Pat Leahy: Government limps a little closer to the inevitable
It’s not that trust has broken down. It never really existed in the first place
Independent Alliance’s Finian McGrath and Shane Ross: Michael Noonan and Enda Kenny didn’t trust them enough to share all the information they were getting out of Brussels. Photo: RollingNews.ie
Unless there is a radical resetting of relations between the two sides of the Government, there seems to be little future for the Government.
A complete breakdown was avoided yesterday when the Independents eventually agreed to appeal against the Apple decision, with Fine Gael agreeing to recall the Dáil and pass a “strong motion” on tax (for all the good that will do). This week’s standoff tells us significant things about the Government which will affect its operations in the future.
Relations between the two sides are quite dysfunctional. That is not to say there is any personal unpleasantness; there is not, or hardly ever. But routine political communication between the sides, the ability to transact the normal business of any collective enterprise, the ability to have things taken on trust – these are largely absent.
One Cabinet Minister described the relations as toxic; another agreed with the description.
“There is a fundamental lack of trust between ourselves and the Independents,” a Fine Gael Minister gloomily told me last week. One of the reasons the Independents were so shocked by the European Commission’s ruling on Tuesday was that they didn’t know the sum would be as big as €13 billion. They didn’t know because Michael Noonan and Enda Kenny didn’t trust them enough to share all the information they were getting out of Brussels.
One of the ways politicians communicate with one another is that they speak privately to journalists in a way they would never speak directly to one another.
Many conversations over the course of this week demonstrate that there is a chasm between the two sides of the Government. Put simply, they complain about each other all the time.
On Thursday, one Independent TD denied half-heartedly to me that there was any breakdown in trust. That was not what Fine Gael was saying, I said. “Well, f**k them anyway,” he replied.
In a way, the Independent TD was right. It’s not that trust has broken down. It never really existed in the first place.
Kenny and his ministers have always had doubts that the Independents could be reliable or serious partners in Government. The Independents feel that Fine Gael does not treat them seriously or with respect or as equals. And a lot of the time, they have a point. But it’s not just about not getting on. There is also a great gulf in understanding between the two parts of the Government.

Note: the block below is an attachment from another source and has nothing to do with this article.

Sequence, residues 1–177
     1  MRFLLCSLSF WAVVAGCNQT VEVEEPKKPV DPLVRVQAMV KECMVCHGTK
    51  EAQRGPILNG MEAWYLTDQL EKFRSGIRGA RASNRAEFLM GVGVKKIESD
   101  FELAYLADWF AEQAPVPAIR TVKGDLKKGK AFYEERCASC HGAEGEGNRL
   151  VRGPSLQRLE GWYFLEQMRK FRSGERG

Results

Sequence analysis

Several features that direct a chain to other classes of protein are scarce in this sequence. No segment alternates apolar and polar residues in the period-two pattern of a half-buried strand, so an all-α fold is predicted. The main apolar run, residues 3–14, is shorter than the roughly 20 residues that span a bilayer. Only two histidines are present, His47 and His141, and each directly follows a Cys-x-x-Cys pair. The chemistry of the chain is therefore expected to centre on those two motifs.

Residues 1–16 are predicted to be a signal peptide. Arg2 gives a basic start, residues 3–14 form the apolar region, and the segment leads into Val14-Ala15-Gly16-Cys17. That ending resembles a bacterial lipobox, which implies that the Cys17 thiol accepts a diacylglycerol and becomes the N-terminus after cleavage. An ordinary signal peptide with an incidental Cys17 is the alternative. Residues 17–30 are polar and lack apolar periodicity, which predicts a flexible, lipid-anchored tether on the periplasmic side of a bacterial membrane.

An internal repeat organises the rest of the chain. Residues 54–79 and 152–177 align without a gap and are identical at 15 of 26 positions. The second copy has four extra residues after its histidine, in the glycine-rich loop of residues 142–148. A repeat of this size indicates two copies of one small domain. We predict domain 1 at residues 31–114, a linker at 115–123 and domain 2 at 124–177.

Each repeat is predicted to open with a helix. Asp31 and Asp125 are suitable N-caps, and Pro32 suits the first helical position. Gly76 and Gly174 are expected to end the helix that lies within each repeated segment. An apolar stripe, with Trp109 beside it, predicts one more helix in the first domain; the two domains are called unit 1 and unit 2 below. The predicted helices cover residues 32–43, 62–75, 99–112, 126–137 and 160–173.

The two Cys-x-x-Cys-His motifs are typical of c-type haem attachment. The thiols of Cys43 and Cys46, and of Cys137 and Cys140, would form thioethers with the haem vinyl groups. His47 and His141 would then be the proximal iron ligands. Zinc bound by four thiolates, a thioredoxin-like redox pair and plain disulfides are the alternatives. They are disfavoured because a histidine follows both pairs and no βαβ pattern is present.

This is not just about personality and political differences. A lot of it stems from the fact that the two sides have a different view of the world and of politics.
One of the most fundamental divisions in Irish politics is between the two-thirds (roughly) of people who vote for centrist, established parties and Independents who feel they have a stake in society and want to make something like the existing politics work and the one-third who vote for Sinn Féin and radical left-wing parties and Independents who believe that established politics has failed and, indeed, often acted against their interests.
Fine Gael is firmly part of the first group, but the political hinterland of many of the Independents is very much on the side of the alienated one-third. Even Shane Ross, the former stockbroker, financial journalist, Trinity senator and darling of Dublin South, has gloried in the role of the “outsider”, pointing his finger at the insiders and their cosy cartels.
Now the outsiders are inside. No wonder they are finding it difficult. No wonder Fine Gael can’t understand them.
Tension between the two sides of a coalition government is hardly novel. Trust does not mushroom overnight when a government is formed; it is built over time. Personal relationships and a modus operandi, a way of working together, take time to bed in. But that process does not appear to have begun in this Government. Nor will it begin unless those involved recognise the problem and try to fix it.
Previous coalition governments set up structures and protocols to avoid the sort of calamities we have seen in recent days, where the Cabinet is publicly split and the Government paralysed.
The last government had the Economic Management Council of senior ministers and officials which cleared most contentious decisions before they arrived at the cabinet. This was underpinned by strong personal relationships between Brendan Howlin and Michael Noonan, but also at a backroom level between the Taoiseach and the then tánaiste’s respective chiefs of staff, Mark Kennelly and first Mark Garrett and then Ed Brophy, and also (while Eamon Gilmore was tánaiste) between the economic advisers Andrew McDowell and Colm O’Reardon.
The backroom staff fixed most problems before they reached the cabinet or the public. Did they like each other? Not always. Did they serve different masters with sometimes conflicting needs? For sure. But they worked to implement the common agenda of the government, which lasted, for all its travails, a full term.
Nothing like that exists now. And as long as there isn’t a mechanism for solving problems, they won’t get solved. The Cabinet is not an effective problem-solving forum. This is mightily dull backroom stuff, but it is what enables a coalition government to function.
In a broader sense, Fine Gael needs to treat the Independents better in the future. The Independents, for their part, need to recognise that governments must often do unpopular things in the longer-term national interest.
To govern is to choose, and the choice is often not between right and wrong, as politicians imagine before they take office, but between bad and worse alternatives. The Apple case illustrates this. It won’t be the last such choice.